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I have a project that contains traces to another project of myself that I've used as a kind of a template project. Now I want to remove these traces entirely from the repository. Basically I want to cut off the old junk commits. So I have

A -- B -- C -- D -- E -- F

and want to get something like

D -- E -- F

with A -- B -- C being completely removed from the repository.

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  • 2
    Duplicate question. Check here: stackoverflow.com/questions/495345/…
    – Snow Blind
    Jul 27, 2012 at 12:38
  • 4
    Not a duplicate. You can't use git rebase -i to remove the first commit.
    – vergenzt
    Jul 27, 2012 at 13:00
  • vergenzt is right, the steps didn't produced the expected result.
    – Alex
    Jul 27, 2012 at 13:03

4 Answers 4

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Assuming master is at commit F:

 # create a new branch with D's content
$ git checkout --orphan temp <d-sha1>
$ git commit

 # rebase everything else onto the temp branch
$ git rebase --onto temp <d-sha1> master

 # clean up
$ git checkout master
$ git branch -d temp

If you want to completely remove the old loose objects (A, B, & C), first make sure you have exactly what you want. This cannot be undone. Once you have confirmed it's what you want, run:

$ git reflog expire --expire=now --all
$ git gc --prune=now
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  • Awesome, thanks! I guess a "git push -f" overwrites the remote repo with the new one?
    – Alex
    Jul 27, 2012 at 13:00
  • 2
    Yep. Do be careful, though, since you are editing history. If anyone else has pulled from your repository, they're going to have a hell of a time figuring out what happened. F is no longer the same commit, so if they try to commit to F and push, it's not going to work.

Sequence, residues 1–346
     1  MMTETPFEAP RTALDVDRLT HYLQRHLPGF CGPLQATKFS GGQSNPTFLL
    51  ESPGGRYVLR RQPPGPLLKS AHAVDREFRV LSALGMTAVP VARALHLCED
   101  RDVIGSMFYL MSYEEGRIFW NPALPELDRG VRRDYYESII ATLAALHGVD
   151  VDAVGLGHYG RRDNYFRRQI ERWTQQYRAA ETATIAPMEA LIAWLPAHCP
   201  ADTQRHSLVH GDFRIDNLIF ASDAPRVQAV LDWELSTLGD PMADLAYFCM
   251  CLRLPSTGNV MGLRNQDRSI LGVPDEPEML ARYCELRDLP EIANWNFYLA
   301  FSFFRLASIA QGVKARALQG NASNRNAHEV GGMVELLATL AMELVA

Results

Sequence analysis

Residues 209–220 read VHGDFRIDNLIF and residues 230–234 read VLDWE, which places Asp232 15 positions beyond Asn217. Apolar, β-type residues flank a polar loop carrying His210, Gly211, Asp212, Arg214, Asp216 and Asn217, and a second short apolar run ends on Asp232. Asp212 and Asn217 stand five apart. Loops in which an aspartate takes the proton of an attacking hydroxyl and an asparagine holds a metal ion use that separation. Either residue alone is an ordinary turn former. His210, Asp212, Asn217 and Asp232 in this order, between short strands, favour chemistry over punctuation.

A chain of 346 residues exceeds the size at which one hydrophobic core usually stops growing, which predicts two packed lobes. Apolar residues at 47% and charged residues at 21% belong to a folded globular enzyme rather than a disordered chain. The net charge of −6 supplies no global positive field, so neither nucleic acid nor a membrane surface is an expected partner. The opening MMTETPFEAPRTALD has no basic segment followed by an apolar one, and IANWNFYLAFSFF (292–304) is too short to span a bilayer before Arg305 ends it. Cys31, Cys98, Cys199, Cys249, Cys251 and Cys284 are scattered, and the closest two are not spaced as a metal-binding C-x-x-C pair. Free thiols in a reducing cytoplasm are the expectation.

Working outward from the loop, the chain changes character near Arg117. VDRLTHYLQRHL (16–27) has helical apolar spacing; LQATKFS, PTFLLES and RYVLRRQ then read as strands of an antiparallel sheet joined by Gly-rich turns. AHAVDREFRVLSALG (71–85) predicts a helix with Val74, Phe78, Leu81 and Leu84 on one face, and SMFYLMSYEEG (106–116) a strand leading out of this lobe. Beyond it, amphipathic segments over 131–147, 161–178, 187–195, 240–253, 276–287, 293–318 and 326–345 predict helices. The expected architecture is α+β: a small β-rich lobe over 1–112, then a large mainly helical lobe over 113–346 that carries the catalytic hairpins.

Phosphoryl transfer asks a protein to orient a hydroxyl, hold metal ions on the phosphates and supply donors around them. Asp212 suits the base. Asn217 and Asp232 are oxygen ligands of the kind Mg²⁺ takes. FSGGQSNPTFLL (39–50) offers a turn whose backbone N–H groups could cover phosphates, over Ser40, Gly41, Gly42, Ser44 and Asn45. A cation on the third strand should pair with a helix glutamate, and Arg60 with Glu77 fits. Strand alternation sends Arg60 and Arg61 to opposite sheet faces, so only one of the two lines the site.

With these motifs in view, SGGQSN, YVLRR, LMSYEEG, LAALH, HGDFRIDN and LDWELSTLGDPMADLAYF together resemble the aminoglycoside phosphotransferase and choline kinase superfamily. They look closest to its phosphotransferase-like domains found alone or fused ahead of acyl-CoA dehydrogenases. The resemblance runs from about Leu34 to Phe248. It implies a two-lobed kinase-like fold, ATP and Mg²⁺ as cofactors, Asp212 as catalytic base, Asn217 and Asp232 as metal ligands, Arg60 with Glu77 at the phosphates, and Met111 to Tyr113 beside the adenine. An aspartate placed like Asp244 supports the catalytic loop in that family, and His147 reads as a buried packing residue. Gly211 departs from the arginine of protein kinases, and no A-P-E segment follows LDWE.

– vergenzt
    Jul 27, 2012 at 13:05
  • Additional flag for the commit command: you can use git commit -C <d-sha1> to reuse the commit message, author, date etc. of the "original" commit D.
    – akavel
    Dec 10, 2015 at 16:57
  • 1
    after issuing git rebase --onto temp <d-sha1> master I get First, rewinding head to replay your work on top of it... Fast-forwarded master to temp.
    – maslick
    Dec 16, 2018 at 19:03
  • There are a lot of conflicts, how can we change merge strategy so conflicts will be resolved automatically ?
    – hsafarya
    Mar 12, 2019 at 10:05
3

Github has a good article about removing sensitive data (so the commits you want too):

Remove Sensitive Data from Git

0

Was trying to follow @vergenzt answer but git started to apply patches from the 1st commit which was 3000+ commits before the one I needed to start from.

My purpose was to make smaller repo for the new project that is based on current one. Unfortunately I needed some history to be preserved from current project (several months). This is how I finally managed to do it:

Command line tool was not quite convenient to do this because you will need to resolve conflicts. Fortunately there is a Rebase feature in TortoiseGit where you need to provide 2 barnches: master (left) and temp (right). Then skip all commits before the one where your temp branch on including commit (select commits and use 'skip' in right click menu). After rebase started you will get some conflicts which you can resolve right in the rebase GUI. I always picked "use master branch version" in right click menu. This took much less time then bothering with CLI. After everything was done I've additionally copied all project files from latest version of original repository upon files in new repository (overwrite all) to make sure nothing lost. I've got only several files that were in .gitignore and somehow were not ignored. Other files were same.

I hope this helps someone.

0

I know that's an old question, but I landed here today searching about this topic...

For the large amount of commits problem, you can try using "-X theirs" or "-X ours" in the rebase command, i.e.

git rebase -X theirs -i HEAD~20

the difference between the two it's explained here

I hope that can be useful to someone

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